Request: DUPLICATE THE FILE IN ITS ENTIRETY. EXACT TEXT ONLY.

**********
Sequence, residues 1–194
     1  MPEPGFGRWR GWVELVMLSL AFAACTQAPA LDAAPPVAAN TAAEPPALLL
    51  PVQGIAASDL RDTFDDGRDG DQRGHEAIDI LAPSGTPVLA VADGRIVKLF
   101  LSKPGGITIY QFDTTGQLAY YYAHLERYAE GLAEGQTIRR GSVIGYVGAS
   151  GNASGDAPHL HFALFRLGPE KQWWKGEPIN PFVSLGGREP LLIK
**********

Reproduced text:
Sequence, residues 1–194
     1  MPEPGFGRWR GWVELVMLSL AFAACTQAPA LDAAPPVAAN TAAEPPALLL
    51  PVQGIAASDL RDTFDDGRDG DQRGHEAIDI LAPSGTPVLA VADGRIVKLF
   101  LSKPGGITIY QFDTTGQLAY YYAHLERYAE GLAEGQTIRR GSVIGYVGAS
   151  GNASGDAPHL HFALFRLGPE KQWWKGEPIN PFVSLGGREP LLIK